by Peter Faulkner
When Morris’s developing interest in printing led him to found the Kelmscott Press, whose first publication appeared in May 1891, he put himself in a position to bring out small editions of works that he liked which were unlikely to appeal to a wide readership, as well as more popular works. In the former category we may place the two volumes of Raoul Lefevre’s The Recuyell of the Historyes of Troy as produced in translation by William Caxton c.1475, which was published at the Press in November 1892, soon followed by Caxton’s translation of The History of Reynard the Foxe in January 1893.1 In April 1893 the Press produced The Order of Chivalry, translated from the French of Ramón Lull by Caxton, together with the medieval French L’Ordene de Chevalerie with a translation by Morris entitled The Ordination of Knighthood.2With his interest in medieval French literature stimulated in this way, Morris went on to translate the four thirteenth-century stories that came to constitute Old French Romances in 1896.3
On 31 January 1893 Morris wrote, probably to F.S. Ellis who did much of the editorial work for the Kelmscott Press:
There is a little book of the Librarie Elzévirienne hight Contes et Nouvelles de la XIIIme Siècle: two of these are amongst the most beautiful works of the Middle Ages, and I intend translating them, and printing in a nice little book in Chaucer type.4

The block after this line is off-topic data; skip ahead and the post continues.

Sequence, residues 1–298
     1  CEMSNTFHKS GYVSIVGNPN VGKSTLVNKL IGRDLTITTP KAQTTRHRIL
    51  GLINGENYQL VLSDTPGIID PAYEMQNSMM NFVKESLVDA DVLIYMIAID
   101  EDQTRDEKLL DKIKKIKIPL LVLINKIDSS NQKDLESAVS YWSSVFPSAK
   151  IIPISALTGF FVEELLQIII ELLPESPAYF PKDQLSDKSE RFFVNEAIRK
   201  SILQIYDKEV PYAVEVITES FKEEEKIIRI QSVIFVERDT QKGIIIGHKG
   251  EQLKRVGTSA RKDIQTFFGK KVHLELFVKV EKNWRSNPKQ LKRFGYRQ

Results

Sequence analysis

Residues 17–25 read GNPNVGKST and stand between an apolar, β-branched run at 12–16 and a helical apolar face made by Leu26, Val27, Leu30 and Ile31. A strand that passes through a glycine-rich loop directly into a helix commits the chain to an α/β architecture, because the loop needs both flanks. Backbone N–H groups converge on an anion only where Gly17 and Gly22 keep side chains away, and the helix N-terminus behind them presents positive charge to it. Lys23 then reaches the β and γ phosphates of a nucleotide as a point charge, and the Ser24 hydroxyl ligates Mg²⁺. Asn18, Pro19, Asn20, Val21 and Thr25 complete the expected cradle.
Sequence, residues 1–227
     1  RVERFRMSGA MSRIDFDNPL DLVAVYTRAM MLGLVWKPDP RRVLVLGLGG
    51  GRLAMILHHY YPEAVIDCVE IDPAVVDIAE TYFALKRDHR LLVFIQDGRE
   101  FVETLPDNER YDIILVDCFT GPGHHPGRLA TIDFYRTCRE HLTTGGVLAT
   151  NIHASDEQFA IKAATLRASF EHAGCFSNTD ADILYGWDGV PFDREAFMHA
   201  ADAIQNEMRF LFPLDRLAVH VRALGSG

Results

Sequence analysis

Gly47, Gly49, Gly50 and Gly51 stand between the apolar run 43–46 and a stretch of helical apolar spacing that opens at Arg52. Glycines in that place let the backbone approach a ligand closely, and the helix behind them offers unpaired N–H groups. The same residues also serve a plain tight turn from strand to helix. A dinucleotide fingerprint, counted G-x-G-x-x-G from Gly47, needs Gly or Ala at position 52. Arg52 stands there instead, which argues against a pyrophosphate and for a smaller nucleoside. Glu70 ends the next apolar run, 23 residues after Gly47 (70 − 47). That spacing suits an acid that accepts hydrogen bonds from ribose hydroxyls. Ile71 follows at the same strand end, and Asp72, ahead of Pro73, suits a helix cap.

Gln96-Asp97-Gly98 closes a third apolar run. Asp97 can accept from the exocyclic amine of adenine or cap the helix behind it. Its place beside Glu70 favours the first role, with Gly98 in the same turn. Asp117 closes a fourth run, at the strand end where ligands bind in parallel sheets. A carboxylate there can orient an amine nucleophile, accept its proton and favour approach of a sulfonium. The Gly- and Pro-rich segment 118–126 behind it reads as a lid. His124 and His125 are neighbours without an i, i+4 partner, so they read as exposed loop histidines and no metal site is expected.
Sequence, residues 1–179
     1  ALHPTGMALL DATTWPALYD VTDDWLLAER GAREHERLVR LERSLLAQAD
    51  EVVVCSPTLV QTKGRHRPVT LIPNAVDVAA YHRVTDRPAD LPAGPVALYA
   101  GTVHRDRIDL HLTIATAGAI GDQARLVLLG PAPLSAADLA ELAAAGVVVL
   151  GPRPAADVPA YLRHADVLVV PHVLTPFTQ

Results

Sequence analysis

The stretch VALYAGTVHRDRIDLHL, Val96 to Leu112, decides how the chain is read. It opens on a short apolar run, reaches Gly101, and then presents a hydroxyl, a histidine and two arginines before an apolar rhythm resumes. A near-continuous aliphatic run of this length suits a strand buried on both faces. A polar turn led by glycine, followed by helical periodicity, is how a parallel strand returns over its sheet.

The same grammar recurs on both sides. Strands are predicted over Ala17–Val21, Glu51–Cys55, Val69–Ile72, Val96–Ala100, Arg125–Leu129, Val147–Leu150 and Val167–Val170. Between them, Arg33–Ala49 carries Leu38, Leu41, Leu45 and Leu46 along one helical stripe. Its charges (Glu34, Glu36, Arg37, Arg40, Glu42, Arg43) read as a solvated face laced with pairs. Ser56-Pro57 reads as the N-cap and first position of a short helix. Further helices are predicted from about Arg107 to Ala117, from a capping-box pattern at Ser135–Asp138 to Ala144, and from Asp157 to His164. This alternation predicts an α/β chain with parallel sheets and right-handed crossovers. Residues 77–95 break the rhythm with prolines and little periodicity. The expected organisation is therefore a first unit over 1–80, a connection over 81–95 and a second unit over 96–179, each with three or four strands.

Morris’s first biographer, J.W.Mackail, makes the observation that this little book, published in 1856, ‘had for thirty years been one of the treasures of literature to him. Together with the "Violier des Histoires Romaines", which appeared in the same series two years later, it had been among the first sources of his knowledge of the French romance of the Middle Ages'.5 Mackail draws attention to a letter from Swinburne thanking Morris for sending him a copy of the last of the Kelmscott Press volumes of these translations, in which Swinburne recalled his and Morris’s shared pleasure in reading the French stories ‘in the days when we first foregathered at Oxford’ nearly forty years before.6 Mackail also notes that from his reading of the Nouvelles Morris had planned two of the stories for The Earthly Paradise, the unfinished poem ‘Amis and Amillion’, which had its origin in ‘L' Amitié d'Amis et d'Amile’, and the completed tale ‘The Man Born to be King’, based on 'Le Conte de L' Empereur Coustant’. In fact, however, for ‘The Man Born to be King’, the second poem for March in The Earthly Paradise, Morris seems also to have used the story as told in an English translation of the Gesta Romanorum, a collection of stories in Latin collected In England in the fourteenth century, and first published in 1472.7